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Native American Pictographs

Native American Pictographs Activity

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An ancient form of writing gets new life in an activity designed to help your child read, and write Native American pictographs and better understand what life was like back then.

What You Need:

  • List of common Native American pictographs, Search online for one or start here.
  • Paper
  • Pencil
  • Colored pencils

What You Do:

  1. Explain to your child that a “pictograph” is a picture that represents a word or an idea. Some languages use a pictograph writing system, such as Chinese. Native Americans living in early America used pictographs as their writing system. Some Native Americans still use pictographs today!
  2. Show your child some common Native American pictographs such as those found here.
  3. Notice that there are symbols for various kinds of weather, people, places, and feelings. Have your child try to write a “sentence” by drawing some pictographs together. For example, he could draw the pictographs for “Summer”, “Man”, “Happy” to express his love for summertime.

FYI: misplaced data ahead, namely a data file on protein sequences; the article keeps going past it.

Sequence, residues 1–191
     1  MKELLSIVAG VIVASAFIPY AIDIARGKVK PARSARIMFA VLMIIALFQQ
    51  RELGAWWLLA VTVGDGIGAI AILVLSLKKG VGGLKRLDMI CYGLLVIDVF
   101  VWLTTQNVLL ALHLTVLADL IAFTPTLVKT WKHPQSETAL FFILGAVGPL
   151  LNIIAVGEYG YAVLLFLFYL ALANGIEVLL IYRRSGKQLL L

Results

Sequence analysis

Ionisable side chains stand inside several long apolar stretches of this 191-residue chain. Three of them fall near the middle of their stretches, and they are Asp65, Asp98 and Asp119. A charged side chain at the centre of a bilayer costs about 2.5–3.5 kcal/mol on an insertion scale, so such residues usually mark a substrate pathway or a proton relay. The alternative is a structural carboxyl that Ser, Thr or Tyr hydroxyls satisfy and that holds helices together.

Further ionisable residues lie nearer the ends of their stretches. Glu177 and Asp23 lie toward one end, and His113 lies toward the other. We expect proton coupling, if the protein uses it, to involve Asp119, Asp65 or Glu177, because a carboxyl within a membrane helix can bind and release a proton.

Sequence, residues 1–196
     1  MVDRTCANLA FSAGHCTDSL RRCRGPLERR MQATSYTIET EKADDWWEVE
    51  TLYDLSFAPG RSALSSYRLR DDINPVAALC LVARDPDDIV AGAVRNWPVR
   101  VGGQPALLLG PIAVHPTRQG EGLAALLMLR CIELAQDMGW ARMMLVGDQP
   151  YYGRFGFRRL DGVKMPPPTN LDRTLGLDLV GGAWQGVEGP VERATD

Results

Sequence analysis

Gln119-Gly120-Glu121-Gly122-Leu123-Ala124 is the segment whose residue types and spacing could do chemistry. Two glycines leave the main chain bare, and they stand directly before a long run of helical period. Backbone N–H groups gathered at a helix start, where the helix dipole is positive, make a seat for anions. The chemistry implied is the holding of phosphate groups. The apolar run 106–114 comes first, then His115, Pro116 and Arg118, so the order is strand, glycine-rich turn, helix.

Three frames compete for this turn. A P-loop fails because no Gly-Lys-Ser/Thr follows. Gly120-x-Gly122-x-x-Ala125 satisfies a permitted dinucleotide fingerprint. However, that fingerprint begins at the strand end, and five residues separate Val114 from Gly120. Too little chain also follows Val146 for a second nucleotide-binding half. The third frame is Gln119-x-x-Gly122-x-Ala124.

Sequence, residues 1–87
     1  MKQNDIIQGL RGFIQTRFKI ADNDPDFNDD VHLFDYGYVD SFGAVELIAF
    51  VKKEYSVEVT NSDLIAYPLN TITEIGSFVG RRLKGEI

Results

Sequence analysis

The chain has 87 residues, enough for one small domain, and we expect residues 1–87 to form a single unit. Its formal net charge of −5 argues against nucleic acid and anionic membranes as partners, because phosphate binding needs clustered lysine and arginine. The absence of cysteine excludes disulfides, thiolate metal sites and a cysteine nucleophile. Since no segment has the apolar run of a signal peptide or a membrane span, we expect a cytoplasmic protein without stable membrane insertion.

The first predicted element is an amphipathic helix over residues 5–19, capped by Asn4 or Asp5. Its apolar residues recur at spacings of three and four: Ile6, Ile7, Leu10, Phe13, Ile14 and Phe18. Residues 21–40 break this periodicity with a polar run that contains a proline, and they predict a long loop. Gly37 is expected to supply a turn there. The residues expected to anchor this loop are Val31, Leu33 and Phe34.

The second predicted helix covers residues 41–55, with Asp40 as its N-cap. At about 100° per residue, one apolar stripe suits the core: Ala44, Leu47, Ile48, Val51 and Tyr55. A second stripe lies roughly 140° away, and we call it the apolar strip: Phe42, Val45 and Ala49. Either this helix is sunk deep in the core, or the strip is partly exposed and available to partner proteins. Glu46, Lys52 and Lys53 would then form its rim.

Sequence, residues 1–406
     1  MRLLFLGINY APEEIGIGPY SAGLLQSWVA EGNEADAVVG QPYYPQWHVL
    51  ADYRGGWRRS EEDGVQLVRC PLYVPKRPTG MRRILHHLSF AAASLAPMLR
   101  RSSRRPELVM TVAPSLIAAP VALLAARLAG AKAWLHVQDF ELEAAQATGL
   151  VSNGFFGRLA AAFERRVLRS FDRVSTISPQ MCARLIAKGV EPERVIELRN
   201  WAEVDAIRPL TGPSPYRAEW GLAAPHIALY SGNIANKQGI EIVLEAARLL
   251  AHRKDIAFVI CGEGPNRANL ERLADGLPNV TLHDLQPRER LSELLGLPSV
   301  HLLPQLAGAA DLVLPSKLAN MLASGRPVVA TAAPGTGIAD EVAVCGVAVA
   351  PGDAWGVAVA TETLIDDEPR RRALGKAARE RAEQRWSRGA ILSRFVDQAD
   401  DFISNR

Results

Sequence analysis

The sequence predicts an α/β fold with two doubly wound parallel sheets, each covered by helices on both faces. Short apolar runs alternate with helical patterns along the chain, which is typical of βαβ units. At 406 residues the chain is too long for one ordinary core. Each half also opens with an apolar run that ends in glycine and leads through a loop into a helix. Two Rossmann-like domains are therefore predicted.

4. If more than one child is doing this activity, they could each write some “sentences” and then try to decipher each other’s sentences.
  5. When he’s finished writing, your child may want to add color to his pictograph sentences using colored pencils over the penciled drawings.
  6. Have your child think of a person, place, kind of weather, or emotion that is important in his own life. He could make up some new pictographs for one or several of these words, and sketch them on his paper. If he likes his new pictographs, he can color those also with colored pencils.
Beth Levin has an M.A. in Curriculum and Education from Columbia University Teachers College. She has written educational activities for Macmillan/McGraw-Hill and Renaissance Learning publishers. She has a substitute teaching credential for grades K-12 in Oregon, where she lives with her husband and two daughters.

Updated on Sep 13, 2012
Printable Workbooks from Education.com
Find a printable workbook to go along with this fun activity. See Workbooks
See more activities in: Third Grade, History
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